Copeland's method is simple and Condorcet-consistent but has the drawback that for certain patterns of voter preferences with no Condorcet winner it will yield a tie however large the electorate. Its advocates therefore generally recommend its use in conjunction with a tie-break. Suitable rules for this purpose include minimax, IRV, and the Borda count, the last of which gives the Dasgupta-Maskin method.

Other methods

  • A Condorcet completion elects the Condorcet winner if there is one, and otherwise falls back on a separate procedure for determining the result. If the Borda count is the fallback we get Black's method; if we use IRV we get Tideman's 'Condorcet-Hare'.[13]
  • Coombs' method is a simple modification of IRV in which the candidate eliminated in each round is the one with most last-place preferences rather than with fewest first-place preferences (so C rather than B is eliminated in the first round of the example and B is the winner). Coombs' method is not Condorcet-consistent but nonetheless satisfies the median voter theorem.[14] It has the drawback that it relies particularly on voters' last-place preferences which may be chosen with less care than their first places.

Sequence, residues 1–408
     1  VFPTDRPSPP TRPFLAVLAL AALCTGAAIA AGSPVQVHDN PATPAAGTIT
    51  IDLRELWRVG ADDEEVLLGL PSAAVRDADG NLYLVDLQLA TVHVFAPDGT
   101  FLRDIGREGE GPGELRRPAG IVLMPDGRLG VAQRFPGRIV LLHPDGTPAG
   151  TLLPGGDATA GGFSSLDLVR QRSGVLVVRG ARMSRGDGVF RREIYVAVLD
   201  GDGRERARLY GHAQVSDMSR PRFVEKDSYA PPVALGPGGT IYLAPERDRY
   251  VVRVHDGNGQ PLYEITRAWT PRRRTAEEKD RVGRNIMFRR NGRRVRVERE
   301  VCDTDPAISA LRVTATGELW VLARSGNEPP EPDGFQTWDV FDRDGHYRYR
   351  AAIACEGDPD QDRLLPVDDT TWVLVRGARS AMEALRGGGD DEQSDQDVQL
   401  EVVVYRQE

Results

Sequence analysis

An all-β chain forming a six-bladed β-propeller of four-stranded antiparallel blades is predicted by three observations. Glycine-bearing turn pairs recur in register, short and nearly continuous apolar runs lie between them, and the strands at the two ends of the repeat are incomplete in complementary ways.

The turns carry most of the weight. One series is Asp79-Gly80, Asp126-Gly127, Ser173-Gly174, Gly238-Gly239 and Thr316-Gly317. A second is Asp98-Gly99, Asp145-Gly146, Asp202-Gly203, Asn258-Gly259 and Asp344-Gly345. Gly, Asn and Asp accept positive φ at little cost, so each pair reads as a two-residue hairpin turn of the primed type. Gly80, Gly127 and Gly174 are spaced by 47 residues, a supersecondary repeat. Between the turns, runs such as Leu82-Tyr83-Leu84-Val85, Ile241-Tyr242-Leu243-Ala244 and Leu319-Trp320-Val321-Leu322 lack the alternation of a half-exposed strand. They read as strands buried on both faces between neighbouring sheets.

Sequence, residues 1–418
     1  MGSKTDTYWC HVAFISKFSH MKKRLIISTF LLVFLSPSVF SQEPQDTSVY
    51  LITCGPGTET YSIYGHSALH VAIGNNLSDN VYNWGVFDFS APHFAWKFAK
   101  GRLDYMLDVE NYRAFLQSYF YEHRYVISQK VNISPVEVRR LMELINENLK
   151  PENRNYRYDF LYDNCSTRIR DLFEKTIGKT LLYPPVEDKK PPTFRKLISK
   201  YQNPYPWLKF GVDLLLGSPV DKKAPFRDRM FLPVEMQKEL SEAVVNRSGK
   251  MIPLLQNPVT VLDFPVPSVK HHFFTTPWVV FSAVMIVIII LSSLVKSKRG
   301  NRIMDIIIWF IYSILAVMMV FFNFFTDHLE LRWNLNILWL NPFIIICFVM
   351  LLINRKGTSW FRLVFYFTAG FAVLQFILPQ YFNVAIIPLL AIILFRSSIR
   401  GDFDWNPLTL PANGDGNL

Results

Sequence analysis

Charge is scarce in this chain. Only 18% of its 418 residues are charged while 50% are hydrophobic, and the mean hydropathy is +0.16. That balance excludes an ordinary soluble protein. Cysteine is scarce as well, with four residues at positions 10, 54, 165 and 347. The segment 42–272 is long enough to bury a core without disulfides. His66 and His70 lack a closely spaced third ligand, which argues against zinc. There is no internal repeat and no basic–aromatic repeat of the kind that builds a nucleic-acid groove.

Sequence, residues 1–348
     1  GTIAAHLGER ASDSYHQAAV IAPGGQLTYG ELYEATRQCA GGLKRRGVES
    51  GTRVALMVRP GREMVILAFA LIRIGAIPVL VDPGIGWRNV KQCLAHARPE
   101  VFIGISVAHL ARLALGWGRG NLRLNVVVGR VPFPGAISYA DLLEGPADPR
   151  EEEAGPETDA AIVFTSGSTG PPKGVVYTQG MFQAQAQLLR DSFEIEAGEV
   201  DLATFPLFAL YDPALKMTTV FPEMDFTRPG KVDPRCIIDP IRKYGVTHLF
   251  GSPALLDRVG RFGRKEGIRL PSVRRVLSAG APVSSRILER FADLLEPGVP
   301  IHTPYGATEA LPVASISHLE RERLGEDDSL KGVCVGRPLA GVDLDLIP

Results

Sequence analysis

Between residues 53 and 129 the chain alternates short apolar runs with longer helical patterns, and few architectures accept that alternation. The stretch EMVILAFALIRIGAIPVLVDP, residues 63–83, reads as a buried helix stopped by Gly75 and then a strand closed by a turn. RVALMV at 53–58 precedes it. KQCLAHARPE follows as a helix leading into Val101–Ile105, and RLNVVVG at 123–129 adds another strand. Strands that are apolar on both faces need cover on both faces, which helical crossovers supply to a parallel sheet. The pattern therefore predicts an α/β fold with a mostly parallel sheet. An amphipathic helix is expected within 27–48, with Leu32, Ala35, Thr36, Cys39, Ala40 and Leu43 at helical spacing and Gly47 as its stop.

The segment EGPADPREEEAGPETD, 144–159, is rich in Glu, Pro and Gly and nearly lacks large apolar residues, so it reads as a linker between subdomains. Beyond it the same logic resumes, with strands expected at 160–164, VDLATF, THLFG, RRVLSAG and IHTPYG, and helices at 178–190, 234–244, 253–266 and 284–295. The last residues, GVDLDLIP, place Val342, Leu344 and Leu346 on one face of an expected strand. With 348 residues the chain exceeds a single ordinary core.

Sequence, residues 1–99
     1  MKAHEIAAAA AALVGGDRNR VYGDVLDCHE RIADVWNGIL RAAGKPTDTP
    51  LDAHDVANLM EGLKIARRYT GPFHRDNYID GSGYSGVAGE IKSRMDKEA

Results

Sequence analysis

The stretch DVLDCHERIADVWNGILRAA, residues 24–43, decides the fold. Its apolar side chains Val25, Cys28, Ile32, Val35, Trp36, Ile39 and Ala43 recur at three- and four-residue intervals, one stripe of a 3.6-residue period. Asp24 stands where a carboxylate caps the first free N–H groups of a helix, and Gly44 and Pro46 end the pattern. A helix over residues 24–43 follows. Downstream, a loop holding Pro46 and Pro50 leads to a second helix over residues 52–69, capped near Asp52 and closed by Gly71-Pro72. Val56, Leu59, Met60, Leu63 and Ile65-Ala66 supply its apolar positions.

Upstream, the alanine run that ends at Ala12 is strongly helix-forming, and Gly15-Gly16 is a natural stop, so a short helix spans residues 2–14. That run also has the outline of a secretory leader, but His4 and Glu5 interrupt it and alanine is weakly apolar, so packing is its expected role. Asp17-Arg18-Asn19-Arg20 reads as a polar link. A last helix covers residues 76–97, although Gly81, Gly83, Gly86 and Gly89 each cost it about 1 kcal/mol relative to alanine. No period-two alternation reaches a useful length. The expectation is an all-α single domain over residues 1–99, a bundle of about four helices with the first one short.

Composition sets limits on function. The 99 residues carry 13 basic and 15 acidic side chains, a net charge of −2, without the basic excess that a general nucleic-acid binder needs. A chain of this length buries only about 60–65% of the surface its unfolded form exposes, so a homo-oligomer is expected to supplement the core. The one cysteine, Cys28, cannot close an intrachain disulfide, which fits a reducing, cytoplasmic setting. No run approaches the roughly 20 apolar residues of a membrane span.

• The Kemeny-Young method is complex but Condorcet-consistent.
  • Smith's method reduces the set of candidates to the Smith set, which is a singleton comprising the Condorcet winner if there is one, and is otherwise usually smaller than the original set. It is normally advocated for use in conjunction with a tie-break, with IRV and minimax[15] the commonest. It is computationally simple though not intuitive to most voters.
  • The contingent vote is a 2-round version of IRV, and the supplementary vote is a restricted form of contingent vote.
  • Bucklin's method exists in several forms, some of which are Condorcet-consistent.
  • The ranked pairs method, Schulze method and Split cycle method[16] are Condorcet-consistent methods of medium computational complexity based on analysing the cycle structure of ballots.